Reading Stephen King’s 1991 article “The Symbolic Language of Dreams” blissed out my writer’s spirit–that seed deep in my soul that ruptures occasionally when watered with shivering truth. This phenomenon occurs too rarely and signalled that the man had something to tell me.
I remember reading Salem’s Lot in the late 1970s. It was the book that turned me off horror. Not because it was bad—because it was mesmerizingly sinister. We were living in rural southern Ontario at the time, and my husband, a musician, was on the road three weeks out of four. Our farm, set well back from the road, was a staggering breath away from Salem Road and a friend of mine dug graves less than a mile up that road at Salem Cemetery.
And so, I closed King’s books. Ironically, I’ve watched movie versions of his books over the years: Misery, Hearts in Atlantis, Carrie, Stand by Me, The Green Mile, Dolores Claiborne; and I love Haven so much I’m ready to relocate clear across the country.
But books are different. Perhaps because the images emerge from our own imagination. Words perch at your fingertips, thirsting for a stream of blood; an opening where absorbed through the flesh and synapse, they can become real.
My current Hollystone Mysteries series features some sinister vampires, so I opened the cover of Salem’s Lot and began again.
And what did I learn from the Master?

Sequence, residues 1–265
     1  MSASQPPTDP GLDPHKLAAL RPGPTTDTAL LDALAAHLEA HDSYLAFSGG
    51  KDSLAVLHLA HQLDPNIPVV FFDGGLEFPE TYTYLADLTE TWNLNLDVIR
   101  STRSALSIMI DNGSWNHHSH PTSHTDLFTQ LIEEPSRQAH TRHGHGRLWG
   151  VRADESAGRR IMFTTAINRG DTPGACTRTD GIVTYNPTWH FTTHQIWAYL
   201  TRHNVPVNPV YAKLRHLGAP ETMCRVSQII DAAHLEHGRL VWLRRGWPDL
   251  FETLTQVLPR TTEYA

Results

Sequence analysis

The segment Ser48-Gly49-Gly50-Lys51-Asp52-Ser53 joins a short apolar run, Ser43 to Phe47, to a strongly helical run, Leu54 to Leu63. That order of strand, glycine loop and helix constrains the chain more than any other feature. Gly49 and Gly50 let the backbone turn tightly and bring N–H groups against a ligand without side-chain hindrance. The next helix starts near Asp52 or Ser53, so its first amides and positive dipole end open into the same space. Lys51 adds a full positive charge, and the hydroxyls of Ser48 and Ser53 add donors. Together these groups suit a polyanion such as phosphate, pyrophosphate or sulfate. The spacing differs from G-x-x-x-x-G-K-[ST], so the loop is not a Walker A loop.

pacing: keep the reader in a slow pant so by the time you hit the climax they’re craving it like a drug
detail: slow it all down by painting graphic pictures with your words
heroes are not always leading men. In Salem’s Lot, the unlikely four who take on Barlow the vampire are: an elderly English teacher, a young novelist, a doctor, and a twelve-year-old boy who makes models of monsters.
allow your eccentric beliefs to emerge and flourish. The following dialogue from Salem’s Lot reflects a personal belief that nonhuman objects can take on the emotions of human’s actions and certain people who are sensitively tuned can feel it. I concur with the narrator in this passage; not that he hallucinated the whole thing, but that houses and landscapes absorb emotions that can manifest with the right catalyst.
“Probably I was so keyed up that I hallucinated the whole thing. On the other hand, there may be some truth in that idea that houses absorb the emotions that are spent in them, that they hold a kind of… dry charge. Perhaps the right personality, that of an imaginative boy, for instance, could act as a catalyst on that dry charge, and cause it to produce an active manifestation of … of something. I’m not talking about ghosts, precisely. I’m talking about a kind of psychic television in three dimensions. Perhaps even something alive. A monster, if you like” (42).